Finding ‘Ohana On Netflix Is A Children’s Adventure Story Which Tackles Cultural Identity, Film Companion

Director: Jude Weng
Writer: Christina Strain
Cast: Kea Peahu, Alex Aiono, Kelly Hu, Branscombe Richmond, Owen Vaccaro
Cinematography: Cort Fey
Editor: Priscilla Nedd Friendly
Streaming on: Netflix

Finding ‘Ohana is at its strongest when it’s being itself. Whilst this may seem like an obvious axiom for any film, this film in particular – a Netflix, family-friendly, children’s adventure story – is separated from most of its peers not only by its strong sense of identity but its lack of hesitation in asserting the same.

As a concept, the film is fantastical enough to wrap its weighty exploration into the roots of our cultural identity, our relationship with ‘home’, and family (which is what ‘Ohana’ means in Hawaiian) in classic ‘adventure’ finery. Unfortunately, it doesn’t manage to synthesise these themes with its central narrative – a couple of New York kids searching for treasure in Oahu, an island in Hawaii, after their mother needs to relocate there to take care of her father.

The film, directed by Taiwanese-born American, TV director, Jude Weng, doesn’t do much to impress us visually and makes a lot of directorial choices that have become a convention in our era of streaming-platform-led Hollywood. But this doesn’t matter. The film’s biggest victory is the way it unapologetically shifts the ‘default’ setting for such films; moving away from White stories of similar coming-of-age themes to express its thoughts about a very specific culture (Hawaiian, to be precise). It is a perennial annoyance of mine to even have to put films in such a framework, yet, this film has no choice but to be a reaction to the history of films with its standing and likeness. In fact, maybe its bigger victory is that between emotional beats and tropes which feel obligatory, it still manages to show its tender, playful heart.

All of this is, no doubt, bolstered by a boldly envisioned and charming lead performance from child actress, Kea Peahu. Although most of the supporting performances are just serviceable, Kelly Hu and Branscombe Richmond – Hawaiians themselves – have a fantastic scene together, late in the film, which adds an edge to their otherwise blander, father-daughter story arc. I suspect that this scene, smartly written to create an unspoken argument through the switches between English and Hawaii, will resonate with most native bilinguals, and is another example of the film being at its strongest when it becomes about what it actually is (or wants to be).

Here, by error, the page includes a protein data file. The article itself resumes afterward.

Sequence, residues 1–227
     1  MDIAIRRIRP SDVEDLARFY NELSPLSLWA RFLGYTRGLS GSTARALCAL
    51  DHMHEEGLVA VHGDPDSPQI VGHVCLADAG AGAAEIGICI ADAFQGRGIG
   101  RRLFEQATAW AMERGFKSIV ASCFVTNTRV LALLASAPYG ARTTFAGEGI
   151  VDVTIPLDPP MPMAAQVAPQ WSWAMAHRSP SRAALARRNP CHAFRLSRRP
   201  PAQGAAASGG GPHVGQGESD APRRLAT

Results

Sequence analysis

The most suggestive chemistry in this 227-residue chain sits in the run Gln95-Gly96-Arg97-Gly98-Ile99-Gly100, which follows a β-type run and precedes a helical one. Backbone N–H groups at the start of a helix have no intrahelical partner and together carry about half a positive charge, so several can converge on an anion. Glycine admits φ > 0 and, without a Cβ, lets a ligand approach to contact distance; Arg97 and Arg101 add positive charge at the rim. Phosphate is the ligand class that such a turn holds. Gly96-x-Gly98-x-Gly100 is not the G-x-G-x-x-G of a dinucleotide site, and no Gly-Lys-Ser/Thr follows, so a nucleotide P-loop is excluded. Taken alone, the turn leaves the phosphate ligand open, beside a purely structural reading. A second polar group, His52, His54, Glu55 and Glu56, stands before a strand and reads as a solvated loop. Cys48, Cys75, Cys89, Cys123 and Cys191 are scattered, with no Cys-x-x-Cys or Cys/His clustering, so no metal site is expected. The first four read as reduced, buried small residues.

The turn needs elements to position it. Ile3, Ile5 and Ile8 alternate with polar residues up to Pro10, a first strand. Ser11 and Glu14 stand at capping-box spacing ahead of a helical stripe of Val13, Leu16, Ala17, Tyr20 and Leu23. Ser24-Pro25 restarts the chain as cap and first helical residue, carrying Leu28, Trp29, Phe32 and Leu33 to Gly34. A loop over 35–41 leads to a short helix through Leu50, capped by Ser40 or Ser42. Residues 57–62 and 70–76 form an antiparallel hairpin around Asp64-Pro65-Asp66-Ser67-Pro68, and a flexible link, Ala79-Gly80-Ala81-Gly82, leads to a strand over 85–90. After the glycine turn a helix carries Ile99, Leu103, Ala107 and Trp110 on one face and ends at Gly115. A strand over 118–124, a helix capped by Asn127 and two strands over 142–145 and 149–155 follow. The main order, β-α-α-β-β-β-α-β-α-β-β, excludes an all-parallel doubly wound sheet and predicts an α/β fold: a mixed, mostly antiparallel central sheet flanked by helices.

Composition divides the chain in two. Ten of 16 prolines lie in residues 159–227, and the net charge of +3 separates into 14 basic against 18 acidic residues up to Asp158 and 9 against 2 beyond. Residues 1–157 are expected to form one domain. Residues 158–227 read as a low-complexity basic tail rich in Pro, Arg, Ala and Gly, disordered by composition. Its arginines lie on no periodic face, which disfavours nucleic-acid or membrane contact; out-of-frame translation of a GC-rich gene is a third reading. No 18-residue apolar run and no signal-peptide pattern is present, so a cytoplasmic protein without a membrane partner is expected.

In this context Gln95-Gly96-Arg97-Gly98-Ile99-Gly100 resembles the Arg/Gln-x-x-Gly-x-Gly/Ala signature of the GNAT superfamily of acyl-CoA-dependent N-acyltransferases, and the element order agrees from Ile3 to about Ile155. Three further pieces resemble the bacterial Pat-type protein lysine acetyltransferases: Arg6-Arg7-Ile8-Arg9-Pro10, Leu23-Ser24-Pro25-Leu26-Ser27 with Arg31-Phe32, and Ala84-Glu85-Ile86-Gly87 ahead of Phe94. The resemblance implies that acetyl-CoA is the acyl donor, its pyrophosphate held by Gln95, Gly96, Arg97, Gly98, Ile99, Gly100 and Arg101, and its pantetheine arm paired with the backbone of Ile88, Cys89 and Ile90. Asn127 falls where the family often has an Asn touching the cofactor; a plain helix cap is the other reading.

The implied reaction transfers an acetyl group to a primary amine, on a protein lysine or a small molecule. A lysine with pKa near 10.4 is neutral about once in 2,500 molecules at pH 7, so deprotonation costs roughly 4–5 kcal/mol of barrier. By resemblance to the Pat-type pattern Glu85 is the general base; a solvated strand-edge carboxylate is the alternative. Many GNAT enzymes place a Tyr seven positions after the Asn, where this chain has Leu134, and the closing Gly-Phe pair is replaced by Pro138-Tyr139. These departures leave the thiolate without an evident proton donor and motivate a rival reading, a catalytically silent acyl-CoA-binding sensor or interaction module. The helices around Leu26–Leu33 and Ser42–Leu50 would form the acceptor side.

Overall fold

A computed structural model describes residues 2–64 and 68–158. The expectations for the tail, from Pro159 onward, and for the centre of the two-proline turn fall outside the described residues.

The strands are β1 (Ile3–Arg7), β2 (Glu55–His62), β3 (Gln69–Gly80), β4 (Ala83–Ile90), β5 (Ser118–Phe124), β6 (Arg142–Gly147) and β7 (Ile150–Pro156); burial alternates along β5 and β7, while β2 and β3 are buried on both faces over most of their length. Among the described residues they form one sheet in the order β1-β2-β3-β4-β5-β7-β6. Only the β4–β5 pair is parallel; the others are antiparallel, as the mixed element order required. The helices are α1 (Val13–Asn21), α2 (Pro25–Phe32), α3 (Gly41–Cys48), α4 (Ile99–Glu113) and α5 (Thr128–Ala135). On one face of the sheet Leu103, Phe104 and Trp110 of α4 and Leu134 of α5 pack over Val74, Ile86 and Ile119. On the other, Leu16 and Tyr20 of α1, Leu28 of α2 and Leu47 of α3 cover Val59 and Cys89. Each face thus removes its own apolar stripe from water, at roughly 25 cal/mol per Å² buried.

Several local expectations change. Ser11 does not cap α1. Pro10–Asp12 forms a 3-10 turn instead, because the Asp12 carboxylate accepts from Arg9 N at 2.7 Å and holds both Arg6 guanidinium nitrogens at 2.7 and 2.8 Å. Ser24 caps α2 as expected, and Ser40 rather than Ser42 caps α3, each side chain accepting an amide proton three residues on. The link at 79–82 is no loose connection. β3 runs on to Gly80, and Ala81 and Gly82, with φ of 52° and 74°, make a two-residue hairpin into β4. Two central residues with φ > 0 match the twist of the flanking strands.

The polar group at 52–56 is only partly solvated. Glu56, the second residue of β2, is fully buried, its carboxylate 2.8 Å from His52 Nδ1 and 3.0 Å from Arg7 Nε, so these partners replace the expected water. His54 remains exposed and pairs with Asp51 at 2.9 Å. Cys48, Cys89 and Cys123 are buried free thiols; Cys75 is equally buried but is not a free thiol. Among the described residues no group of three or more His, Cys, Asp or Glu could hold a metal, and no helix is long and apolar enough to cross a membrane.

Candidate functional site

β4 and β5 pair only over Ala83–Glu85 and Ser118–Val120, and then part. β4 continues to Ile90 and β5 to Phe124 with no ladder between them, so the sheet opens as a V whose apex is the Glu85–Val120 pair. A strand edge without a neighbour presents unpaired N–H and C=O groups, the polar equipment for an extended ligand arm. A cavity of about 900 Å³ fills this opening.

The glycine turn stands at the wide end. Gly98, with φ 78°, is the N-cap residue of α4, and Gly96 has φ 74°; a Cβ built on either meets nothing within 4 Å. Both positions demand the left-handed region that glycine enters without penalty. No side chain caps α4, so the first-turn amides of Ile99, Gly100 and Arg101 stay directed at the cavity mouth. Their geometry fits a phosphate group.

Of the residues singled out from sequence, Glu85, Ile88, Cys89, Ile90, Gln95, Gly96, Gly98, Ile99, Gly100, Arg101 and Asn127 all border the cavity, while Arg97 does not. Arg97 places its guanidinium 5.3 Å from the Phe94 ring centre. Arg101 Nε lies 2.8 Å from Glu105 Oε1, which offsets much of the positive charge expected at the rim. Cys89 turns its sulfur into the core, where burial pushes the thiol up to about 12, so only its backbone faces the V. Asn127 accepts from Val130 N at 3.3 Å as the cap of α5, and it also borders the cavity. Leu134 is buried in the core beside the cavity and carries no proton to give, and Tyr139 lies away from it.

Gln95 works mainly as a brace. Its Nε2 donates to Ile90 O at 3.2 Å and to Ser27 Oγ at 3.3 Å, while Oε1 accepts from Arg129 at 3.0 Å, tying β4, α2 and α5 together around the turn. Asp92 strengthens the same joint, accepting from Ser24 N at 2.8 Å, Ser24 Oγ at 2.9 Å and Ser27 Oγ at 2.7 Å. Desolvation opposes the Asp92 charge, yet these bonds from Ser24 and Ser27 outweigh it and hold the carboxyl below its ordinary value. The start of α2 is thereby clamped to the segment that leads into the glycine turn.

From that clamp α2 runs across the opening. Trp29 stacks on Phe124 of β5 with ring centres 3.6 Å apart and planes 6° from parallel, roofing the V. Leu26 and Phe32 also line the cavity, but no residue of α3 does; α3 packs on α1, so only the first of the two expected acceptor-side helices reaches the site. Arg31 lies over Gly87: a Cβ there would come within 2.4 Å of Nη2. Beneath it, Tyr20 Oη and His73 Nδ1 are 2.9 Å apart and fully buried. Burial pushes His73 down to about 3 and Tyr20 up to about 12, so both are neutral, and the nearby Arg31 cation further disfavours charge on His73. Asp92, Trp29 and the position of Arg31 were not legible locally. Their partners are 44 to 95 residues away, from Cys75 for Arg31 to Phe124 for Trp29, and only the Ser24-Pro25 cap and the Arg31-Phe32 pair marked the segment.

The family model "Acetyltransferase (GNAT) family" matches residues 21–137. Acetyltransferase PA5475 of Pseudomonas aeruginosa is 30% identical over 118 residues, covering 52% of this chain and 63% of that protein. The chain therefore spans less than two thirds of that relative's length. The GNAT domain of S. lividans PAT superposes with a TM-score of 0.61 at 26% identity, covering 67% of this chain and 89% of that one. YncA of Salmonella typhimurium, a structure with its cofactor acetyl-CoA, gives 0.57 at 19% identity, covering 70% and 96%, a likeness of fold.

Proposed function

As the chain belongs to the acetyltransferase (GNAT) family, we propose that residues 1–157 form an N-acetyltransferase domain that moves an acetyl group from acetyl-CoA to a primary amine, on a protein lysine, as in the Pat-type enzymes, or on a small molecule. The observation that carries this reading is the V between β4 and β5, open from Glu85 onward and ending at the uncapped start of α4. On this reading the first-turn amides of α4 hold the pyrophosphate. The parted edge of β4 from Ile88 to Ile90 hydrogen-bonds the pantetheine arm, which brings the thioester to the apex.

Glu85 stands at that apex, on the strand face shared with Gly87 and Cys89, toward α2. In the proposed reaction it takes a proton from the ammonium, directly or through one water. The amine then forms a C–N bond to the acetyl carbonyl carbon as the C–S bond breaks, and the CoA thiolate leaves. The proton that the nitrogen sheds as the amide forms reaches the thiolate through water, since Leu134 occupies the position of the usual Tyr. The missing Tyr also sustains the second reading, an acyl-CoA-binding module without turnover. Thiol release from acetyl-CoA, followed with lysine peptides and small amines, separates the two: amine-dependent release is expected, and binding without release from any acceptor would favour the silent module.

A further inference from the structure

If these scenes, which explore the complicated relationship that those caught between two cultures have with both their immediate family as well as their heritage, were unspoken more often, it might have helped blend the film better. Although it may seem that such a change would alter the film’s identity – as it is, very obviously, a film targeted towards younger audiences – I think some boldness might have actually helped to cast a wider net whilst retaining its original target.

Also Read: 10 Children’s Films To Stream

The conversations in the film often sag, despite some of the aforementioned moments of real heart, and undermine themselves by devolving into characters talking about themselves, the situations they find themselves in, and their emotional journeys through clunky and inauthentic exposition. Which is not to say that any of the experiences are inauthentic but that their expression is stinted. Maybe this is intentional if we must think of it as a film for younger audiences. The bottom line, however, is that although Peahu and supporting child actor Owen Vaccaro, share some crackling dialogue (including a wonderful critical assessment of Lost), the more the film tries to venture into fun, adventure territory, the more it ends up being like something we’ve seen before.

A good family film, however, needs to really hold all of its audiences’ attention, as many classics of the genre have done before. When such a film stars a child protagonist, younger audiences identifying with them is inevitable. Then, especially, it needs to balance its tones and be able to communicate with this audience. Finding ‘Ohana is still a film that I would probably recommend for most families watching with tweens but I wish that it made me more sure. The film is confident about its takes on cultural identity but one gets the feeling that it needs to find itself a bit more as a film.

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